a list compiled by Alex Kasman (College of Charleston)

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Schaurige Mathematik (2007)
Alexander Mehlmann

Professor Moriarty, the evil mathematician best known as the arch enemy of Sherlock Holmes, is both the hero and the narrator of this short story. He joins forces with Dracula and uses math to fight Jack the Ripper.

Spoiler Alert: The idea of the story is that Sherlock Holmes has gone crazy and is Jack the Ripper. The main mathematical content is in Moriarty's proofs based on game theory that Holmes will get less cautious as he gets closer to being caught for the crimes.

I have not actually read this story, which appears only in German in the mathematically-themed collection Mathematische Seitensprönge: Ein unbeschwerter Ausflug in das Wunderland zwischen Mathematik und Literatur by Alexander Mehlmann, an Austrian professor of business math. So, I am very grateful to Hauke Reddmann for bringing it to my attention, rating it, and summarizing it for me.

More information about this work can be found at
(Note: This is just one work of mathematical fiction from the list. To see the entire list or to see more works of mathematical fiction, return to the Homepage.)

Works Similar to Schaurige Mathematik
According to my `secret formula', the following works of mathematical fiction are similar to this one:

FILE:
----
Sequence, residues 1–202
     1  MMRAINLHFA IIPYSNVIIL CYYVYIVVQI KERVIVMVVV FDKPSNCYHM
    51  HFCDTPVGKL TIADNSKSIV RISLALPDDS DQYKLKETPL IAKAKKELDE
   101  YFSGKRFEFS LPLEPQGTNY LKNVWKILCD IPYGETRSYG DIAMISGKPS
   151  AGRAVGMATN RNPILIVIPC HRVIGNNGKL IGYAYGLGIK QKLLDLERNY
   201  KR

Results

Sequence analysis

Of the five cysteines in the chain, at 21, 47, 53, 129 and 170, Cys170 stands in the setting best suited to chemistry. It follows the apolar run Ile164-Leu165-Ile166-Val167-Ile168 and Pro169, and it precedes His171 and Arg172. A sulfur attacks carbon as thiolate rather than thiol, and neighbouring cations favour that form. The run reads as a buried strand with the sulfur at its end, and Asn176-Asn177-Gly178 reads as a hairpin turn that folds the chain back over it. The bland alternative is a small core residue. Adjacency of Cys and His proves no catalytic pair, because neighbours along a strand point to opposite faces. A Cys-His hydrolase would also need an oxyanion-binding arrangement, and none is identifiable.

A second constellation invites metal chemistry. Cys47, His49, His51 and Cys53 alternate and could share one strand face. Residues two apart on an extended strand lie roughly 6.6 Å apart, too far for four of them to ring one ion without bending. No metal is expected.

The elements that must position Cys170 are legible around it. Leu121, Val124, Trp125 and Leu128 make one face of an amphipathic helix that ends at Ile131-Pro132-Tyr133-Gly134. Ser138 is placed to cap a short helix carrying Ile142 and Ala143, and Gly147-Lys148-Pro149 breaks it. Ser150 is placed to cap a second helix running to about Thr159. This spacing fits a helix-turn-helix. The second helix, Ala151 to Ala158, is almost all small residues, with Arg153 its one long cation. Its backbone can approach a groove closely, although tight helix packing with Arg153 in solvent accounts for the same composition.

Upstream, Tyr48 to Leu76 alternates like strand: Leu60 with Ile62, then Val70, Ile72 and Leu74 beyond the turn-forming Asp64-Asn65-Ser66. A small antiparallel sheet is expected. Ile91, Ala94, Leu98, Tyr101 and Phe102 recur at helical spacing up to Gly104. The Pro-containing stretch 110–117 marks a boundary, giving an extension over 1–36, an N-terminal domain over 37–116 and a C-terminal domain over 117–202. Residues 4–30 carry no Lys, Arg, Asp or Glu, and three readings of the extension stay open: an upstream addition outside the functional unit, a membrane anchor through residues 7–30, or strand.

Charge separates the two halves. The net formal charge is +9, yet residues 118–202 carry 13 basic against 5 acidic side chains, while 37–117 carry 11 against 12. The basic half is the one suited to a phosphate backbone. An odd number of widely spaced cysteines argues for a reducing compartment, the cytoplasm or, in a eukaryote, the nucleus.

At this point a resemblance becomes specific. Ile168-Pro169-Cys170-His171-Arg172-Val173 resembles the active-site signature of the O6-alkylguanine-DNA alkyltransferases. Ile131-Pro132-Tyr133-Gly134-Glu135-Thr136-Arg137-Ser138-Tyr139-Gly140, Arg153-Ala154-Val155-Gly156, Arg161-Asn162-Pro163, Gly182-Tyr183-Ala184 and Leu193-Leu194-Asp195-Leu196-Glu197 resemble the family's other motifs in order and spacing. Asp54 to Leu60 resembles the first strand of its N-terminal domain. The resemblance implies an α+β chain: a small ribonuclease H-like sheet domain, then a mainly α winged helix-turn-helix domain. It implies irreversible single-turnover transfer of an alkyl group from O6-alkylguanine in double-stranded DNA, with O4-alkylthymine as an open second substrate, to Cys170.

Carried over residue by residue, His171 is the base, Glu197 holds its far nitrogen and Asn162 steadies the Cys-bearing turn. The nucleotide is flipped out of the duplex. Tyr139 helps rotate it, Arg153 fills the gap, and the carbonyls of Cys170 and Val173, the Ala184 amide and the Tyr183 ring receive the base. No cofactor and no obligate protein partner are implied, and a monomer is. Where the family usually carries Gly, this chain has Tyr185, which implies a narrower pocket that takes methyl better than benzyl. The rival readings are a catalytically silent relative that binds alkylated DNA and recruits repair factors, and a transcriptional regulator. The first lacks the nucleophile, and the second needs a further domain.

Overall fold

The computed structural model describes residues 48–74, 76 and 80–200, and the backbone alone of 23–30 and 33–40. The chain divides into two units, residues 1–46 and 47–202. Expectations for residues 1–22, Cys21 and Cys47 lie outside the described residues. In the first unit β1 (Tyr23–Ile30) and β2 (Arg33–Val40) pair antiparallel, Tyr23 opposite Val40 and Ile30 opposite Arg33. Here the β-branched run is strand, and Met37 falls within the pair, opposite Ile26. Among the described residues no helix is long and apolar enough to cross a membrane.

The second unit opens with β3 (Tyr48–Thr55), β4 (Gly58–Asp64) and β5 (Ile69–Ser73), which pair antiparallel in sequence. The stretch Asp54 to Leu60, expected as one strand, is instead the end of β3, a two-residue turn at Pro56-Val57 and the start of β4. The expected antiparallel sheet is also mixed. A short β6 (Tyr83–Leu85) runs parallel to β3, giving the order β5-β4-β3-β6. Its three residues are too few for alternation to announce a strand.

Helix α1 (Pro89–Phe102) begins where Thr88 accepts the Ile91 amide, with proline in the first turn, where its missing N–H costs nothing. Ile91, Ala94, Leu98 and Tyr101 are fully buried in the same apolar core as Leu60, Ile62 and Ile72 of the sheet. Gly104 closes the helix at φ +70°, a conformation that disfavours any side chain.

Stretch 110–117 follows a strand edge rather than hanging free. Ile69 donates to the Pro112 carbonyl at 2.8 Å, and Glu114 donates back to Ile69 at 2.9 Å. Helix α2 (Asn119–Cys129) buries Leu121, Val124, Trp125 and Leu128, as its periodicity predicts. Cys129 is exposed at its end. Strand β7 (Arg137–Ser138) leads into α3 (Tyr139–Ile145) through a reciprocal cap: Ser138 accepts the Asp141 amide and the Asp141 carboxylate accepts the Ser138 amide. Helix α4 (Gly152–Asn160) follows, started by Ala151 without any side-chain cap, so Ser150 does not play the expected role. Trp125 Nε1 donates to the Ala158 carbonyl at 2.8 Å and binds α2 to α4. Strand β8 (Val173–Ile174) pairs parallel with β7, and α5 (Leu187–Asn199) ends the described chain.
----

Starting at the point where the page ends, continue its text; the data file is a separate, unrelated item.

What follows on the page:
1. The Return of Moriarty by John Gardner
  2. Professor and Colonel by Ruth Berman
  3. The Ultimate Crime by Isaac Asimov
  4. Thursday Next: First Among Sequels by Jasper Fforde
  5. After Math by Miriam Webster
  6. Gaming Instinct (Spieltrieb) by Juli Zeh
  7. Intoxicating Heights (Höhenrausch. Die Mathematik des XX. Jahrhunderts in zwanzig Gehirnen) by Dietmar Dath
  8. Let's Consider Two Spherical Chickens by Tommaso Bolognesi
  9. Probability Murder by Michael Flynn
  10. A Killer Theorem by Colin Adams
Ratings for Schaurige Mathematik:
RatingsHave you seen/read this work of mathematical fiction? Then click here to enter your own votes on its mathematical content and literary quality or send me comments to post on this Webpage.
Mathematical Content:
5/5 (1 votes)
Literary Quality:
3/5 (1 votes)

GenreMystery, Humorous, Fantasy,
MotifSherlock Holmes,
MediumShort Stories,

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Exciting News: The 1,600th entry was recently added to this database of mathematical fiction! Also, for those of you interested in non-fictional math books let me (shamelessly) plug the recent release of the second edition of my soliton theory textbook.

(Maintained by Alex Kasman, College of Charleston)